Prostate and breast cancer and omega 6s and 3s

     A study [1] found significant differences in the amount of omega-6 and omega-3 polyunsaturated fatty acids levels in tissue taken from benign and malignant prostate cancer tumors from within the same prostate specimen. Malignant tissue samples were found to have less total omega-6 fatty acids then the benign samples. The tissue levels of the specific types were also different.
The malignant tissue had more of the dihomo-gamma-linolenic acid (DGLA) (C20:3w6) an omega 6 fatty acid and precursor to other omega 6 metabolites. There was significantly less of two omega 6 fatty acids. Arachidonic acid (AA) (C20:4w6), and adrenic acid, (C22:4w6) were at lower levels  in cancer tissue that was malignant compared to tissue that was benign. The abstract to the study concludes with the statement “These findings provide additional evidence that dietary fat is associated with prostatic carcinogenesis.”
     It seems to me that if the samples were simply from different areas of the same specimen that the same human would have been eating the same dietary fats. The two types of tissue from within the same gland would have received the same blood flow and nutrients. So  the malignant tissue had less AA and adrenic acid and less total omega 6 fatty acids but more DGLA than the benign tissue. So something is happening in that malignant tissue that isn’t happening in the benign tissue and the net effect is loss of total omega 6 content. Something else has to be associated with the malignant prostatic carcinogenesis because the dietary fat is going to both the benign and the malignant tissue.
     Elsewhere information has been discovered that malignant prostate cancer cells can make an enzyme that can convert Arachidonic acid into a form usable as a food source for the malignant growth. Increased intake of CLA and ginger may help preserve arachidonic acid from being converted to 5-HETE which the cancer cells can use as an energy source. [Ginger slows prostate cancer growth] (10/20/2011) So targeting the enzyme  that converts AA to 5-HETE would make more sense than wondering what omega 6 and omega 3 ratio on the person’s plate might turn malignant cells back into benign ones. /speculation – The fat ratio in meals may have some effect  on slowing or speeding the growth rate of the cancer cells but it is unlikely to be able to change it back to benign. Some information suggests that malignancy might be preventable and that cancer metastasis might be reduced by avoiding animal products that are rich in free AA. donmatesz
AA forms part of the structure of membranes under normal conditions. AA can be converted from lecithin and combined with ethanolamine to become anandamide, an endogenous cannabinoid (eCB). Lab tests find free AA after it has been broken down from eCBs in response to inflammatory signals.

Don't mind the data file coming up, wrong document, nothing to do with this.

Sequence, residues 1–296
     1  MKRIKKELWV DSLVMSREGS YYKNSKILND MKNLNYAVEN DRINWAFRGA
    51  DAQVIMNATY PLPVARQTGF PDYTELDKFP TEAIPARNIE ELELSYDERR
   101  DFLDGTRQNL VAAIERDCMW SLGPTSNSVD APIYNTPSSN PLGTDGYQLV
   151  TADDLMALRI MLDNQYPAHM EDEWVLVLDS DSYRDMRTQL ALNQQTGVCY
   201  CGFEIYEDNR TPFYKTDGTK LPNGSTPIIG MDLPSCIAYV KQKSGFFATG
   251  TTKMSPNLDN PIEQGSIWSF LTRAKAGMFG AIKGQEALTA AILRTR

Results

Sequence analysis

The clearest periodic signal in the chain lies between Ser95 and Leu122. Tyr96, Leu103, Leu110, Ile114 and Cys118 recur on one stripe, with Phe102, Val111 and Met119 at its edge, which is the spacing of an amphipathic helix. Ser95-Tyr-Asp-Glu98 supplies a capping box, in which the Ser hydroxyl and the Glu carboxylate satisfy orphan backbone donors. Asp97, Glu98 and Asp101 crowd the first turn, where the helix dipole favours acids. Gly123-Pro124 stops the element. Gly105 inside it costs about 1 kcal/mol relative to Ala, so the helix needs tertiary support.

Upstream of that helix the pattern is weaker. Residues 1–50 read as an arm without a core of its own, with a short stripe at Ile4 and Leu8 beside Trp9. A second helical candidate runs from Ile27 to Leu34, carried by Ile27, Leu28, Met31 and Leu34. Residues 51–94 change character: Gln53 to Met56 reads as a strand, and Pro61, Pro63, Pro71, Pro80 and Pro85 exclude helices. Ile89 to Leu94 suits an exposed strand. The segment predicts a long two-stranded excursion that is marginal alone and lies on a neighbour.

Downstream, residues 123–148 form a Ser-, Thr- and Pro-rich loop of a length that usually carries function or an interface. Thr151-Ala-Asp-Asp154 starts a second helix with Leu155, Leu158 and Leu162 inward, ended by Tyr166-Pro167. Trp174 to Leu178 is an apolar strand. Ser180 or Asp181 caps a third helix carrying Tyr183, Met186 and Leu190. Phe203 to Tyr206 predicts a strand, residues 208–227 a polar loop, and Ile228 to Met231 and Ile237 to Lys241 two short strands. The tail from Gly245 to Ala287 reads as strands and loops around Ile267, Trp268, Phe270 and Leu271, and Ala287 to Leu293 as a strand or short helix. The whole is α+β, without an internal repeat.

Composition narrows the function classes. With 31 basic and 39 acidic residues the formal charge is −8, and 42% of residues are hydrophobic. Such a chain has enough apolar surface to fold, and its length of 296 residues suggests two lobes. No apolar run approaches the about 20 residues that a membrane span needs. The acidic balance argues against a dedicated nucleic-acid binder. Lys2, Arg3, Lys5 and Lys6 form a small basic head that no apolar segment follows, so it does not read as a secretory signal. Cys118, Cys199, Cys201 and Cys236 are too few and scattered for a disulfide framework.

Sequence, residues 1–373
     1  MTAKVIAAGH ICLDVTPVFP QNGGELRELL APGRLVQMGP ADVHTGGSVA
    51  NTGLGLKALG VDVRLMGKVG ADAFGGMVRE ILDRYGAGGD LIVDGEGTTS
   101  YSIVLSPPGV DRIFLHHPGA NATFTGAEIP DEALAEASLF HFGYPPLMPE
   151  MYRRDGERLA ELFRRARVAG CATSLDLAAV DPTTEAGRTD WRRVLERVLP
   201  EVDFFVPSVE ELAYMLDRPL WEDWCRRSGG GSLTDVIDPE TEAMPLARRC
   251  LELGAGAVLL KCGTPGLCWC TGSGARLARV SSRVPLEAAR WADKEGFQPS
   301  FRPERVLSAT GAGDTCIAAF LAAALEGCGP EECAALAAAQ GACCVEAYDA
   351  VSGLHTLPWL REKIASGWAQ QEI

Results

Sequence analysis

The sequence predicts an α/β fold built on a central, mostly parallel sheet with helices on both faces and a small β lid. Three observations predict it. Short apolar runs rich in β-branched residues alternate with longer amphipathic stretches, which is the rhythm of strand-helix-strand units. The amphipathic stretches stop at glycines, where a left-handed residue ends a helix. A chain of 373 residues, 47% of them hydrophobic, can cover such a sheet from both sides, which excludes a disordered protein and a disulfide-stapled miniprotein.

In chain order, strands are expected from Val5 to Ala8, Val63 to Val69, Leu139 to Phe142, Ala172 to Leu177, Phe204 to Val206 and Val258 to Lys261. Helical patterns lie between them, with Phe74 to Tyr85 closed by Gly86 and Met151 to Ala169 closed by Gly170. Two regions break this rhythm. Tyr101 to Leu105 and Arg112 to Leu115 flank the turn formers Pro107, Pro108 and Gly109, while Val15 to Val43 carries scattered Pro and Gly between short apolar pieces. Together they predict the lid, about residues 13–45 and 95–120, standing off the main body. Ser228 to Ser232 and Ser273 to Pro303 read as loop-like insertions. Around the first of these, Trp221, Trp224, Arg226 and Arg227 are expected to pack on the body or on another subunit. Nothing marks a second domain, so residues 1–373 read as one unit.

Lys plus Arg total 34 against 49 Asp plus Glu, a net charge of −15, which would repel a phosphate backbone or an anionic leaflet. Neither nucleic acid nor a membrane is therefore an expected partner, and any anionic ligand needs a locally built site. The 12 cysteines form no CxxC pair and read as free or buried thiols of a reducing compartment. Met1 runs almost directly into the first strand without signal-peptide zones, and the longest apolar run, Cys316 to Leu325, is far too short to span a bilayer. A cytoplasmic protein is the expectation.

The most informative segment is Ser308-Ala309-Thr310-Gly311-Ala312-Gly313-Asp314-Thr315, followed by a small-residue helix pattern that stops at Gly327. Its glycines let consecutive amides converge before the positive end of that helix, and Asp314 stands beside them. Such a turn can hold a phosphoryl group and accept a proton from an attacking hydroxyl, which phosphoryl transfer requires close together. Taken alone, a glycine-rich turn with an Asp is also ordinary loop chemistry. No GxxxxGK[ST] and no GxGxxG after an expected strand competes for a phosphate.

The eCBs in times of health are part of the membrane structure and there would be little free AA. Controlling the diet for excess calcium and glutamates may help in addition to adding conjugated linolenic acid (CLA) and ginger. The omega 3s and omega 6s are groups of various chemicals that do not have the same functions and their risks and benefits may vary based on individual differences.
Adequate omega 3 fatty acid is important for heart health and mental health. They have been found helpful for depression, diabetes (ALA) and other diagnoses.
     /speculation/ Linolenic acid and omega 6’s may have gotten a bad name partially because larger research studies may not have excluded people with undiagnosed prostate or breast cancer. Their negative responses to a diet high in LA may have skewed the results of other people with normal tolerance for foods with LA or animal products rich in lecithin or AA (chicken, eggs and beef are the richest sources).
/speculation #2/ Over cooking the food source may increase the amount of free AA that is released. Differences in how foods were prepared for the different studies may have modified the results.
  1. A comparative study of tissue ω-6 and ω-3 polyunsaturated fatty acids (PUFA) in benign and malignant pathologic stage pT2a radical prostatectomy specimens.Schumacher MC, Laven B, Petersson F, Cederholm T, Onelöv E, Ekman P, Brendler C.  Urol Oncol. 2011 Mar 31. Department of Molecular Medicine and Surgery, Karolinska Institutet Department of Urology, Stockholm, Sweden.PMID: 21414816  []
  2. ***infertile men had more omega 6 (AA) and less omega 3  than fertile men. []
  3. ***supplementation with GLA in attempt to modify inflammatory blood chemistry. It worked somewhat.  []
  4. []
Disclaimer: This is provided for informational purposes only. Please see a health professional for individual health care purposes.